TOC Recommended Reading

Digital Newspapers and Digital History (Adam Hodgkin, Exact Editions)

A Kindle for books, a Plastic Logic napkin for newspapers, and no doubt an iMag reader of some kind for magazines. That way lies madness. Google have a better plan [to] try to deliver everything through a web browser. That should work in the direction of universal access. I hope Plastic Logic realise that their device needs to run a standard web browser before they commit everything to a Kindle-like proprietary device.

I Am Trying To Believe (that Rock Stars aren’t Dead) (Jim Stogdill, O’Reilly Radar)

… “sell records” was not some complex business model come down from on high. I can’t help but think that if there was an equally effective replacement someone would have thought of it by now. That’s not to say I don’t think new and better music distribution and monetization models won’t be invented, I just don’t think they will capture and concentrate as much value as the one that is dying before our eyes did. I suspect the balance between linear (touring) and leverage (selling stuff while you sit at home) has simply and irrevocably shifted toward the linear.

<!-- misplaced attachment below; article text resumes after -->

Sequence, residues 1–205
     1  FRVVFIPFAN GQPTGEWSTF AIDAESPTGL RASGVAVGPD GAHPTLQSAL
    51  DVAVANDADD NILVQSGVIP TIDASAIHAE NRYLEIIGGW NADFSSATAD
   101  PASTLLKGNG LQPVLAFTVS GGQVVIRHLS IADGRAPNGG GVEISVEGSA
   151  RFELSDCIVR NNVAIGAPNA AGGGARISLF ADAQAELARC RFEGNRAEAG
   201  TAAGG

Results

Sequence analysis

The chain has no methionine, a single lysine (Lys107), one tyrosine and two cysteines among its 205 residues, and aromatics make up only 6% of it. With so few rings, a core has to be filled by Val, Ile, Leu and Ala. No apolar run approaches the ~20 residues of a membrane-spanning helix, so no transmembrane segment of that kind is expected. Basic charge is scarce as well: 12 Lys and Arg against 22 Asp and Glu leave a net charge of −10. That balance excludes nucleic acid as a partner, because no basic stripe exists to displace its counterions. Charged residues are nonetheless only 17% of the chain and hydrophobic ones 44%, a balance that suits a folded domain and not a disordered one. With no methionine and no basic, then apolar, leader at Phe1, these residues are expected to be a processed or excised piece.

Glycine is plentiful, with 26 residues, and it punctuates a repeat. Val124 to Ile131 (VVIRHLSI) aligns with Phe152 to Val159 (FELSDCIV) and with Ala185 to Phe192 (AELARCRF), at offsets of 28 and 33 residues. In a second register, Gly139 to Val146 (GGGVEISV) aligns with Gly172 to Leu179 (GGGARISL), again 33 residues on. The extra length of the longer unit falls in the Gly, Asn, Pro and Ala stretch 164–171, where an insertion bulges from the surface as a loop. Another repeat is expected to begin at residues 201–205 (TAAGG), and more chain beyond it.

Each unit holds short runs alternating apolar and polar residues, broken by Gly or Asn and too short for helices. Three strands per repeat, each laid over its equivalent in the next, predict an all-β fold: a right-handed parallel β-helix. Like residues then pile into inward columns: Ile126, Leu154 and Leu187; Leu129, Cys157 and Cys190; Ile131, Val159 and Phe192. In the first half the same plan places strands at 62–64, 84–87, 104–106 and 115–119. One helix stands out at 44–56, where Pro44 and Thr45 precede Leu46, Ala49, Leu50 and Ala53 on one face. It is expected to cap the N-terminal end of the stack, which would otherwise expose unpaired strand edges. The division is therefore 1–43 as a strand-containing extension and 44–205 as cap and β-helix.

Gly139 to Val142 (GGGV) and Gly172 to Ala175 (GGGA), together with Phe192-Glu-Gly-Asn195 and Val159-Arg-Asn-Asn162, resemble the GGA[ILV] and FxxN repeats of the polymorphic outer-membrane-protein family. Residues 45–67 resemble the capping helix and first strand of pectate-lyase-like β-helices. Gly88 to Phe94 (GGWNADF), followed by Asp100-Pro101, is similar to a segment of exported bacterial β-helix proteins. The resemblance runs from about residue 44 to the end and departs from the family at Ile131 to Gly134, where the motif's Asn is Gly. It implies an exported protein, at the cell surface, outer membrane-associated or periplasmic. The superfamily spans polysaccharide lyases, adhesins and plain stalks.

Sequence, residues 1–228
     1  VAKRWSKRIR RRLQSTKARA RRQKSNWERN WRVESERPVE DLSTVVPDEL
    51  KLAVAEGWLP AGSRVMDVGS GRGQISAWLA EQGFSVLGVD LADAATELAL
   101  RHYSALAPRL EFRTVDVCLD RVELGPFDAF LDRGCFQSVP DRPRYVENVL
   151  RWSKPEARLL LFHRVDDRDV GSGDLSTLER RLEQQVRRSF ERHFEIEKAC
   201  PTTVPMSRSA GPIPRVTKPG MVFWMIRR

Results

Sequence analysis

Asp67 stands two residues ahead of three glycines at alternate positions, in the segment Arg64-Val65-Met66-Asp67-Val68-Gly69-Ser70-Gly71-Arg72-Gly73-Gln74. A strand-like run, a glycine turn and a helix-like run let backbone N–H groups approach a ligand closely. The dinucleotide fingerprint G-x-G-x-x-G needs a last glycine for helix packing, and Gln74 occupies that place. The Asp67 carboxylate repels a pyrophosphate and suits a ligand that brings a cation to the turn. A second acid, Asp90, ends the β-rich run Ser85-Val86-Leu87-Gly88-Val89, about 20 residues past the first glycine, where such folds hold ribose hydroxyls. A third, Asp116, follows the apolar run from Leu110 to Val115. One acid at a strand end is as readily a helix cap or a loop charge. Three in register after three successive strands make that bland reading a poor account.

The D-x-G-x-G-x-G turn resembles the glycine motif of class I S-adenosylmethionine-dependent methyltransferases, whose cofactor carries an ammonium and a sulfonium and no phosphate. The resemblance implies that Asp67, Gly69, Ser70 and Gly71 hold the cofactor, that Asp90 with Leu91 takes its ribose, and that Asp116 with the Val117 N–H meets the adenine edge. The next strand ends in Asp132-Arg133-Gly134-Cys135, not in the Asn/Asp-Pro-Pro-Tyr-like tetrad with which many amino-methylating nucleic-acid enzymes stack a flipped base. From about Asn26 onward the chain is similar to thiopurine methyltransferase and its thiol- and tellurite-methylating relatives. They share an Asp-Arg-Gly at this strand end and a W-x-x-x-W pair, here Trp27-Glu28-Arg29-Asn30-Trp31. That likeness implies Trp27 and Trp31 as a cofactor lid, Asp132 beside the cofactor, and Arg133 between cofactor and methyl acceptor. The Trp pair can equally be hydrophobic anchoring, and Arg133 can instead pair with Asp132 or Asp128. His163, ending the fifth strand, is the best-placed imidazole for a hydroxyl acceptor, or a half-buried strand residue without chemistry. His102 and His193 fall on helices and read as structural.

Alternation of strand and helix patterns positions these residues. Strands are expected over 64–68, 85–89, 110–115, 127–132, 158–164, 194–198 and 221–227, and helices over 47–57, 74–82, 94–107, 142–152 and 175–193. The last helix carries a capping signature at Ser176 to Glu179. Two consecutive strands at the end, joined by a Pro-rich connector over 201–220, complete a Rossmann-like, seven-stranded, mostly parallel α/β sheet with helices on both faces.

A unified field theory of publishing in the networked era (Bob Stein, if:book)

Reading and writing have always been social activities, but that fact tends to be obscured by the medium of print. We grew up with images of the solitary reader curled up in a chair or under a tree and the writer alone in his garret. The most important thing my colleagues and I have learned during our experiments with networked books over the past few years is that as discourse moves off the page onto the network, the social aspects are revealed in sometimes startling clarity. These exchanges move from background to foreground, a transition that has dramatic implications.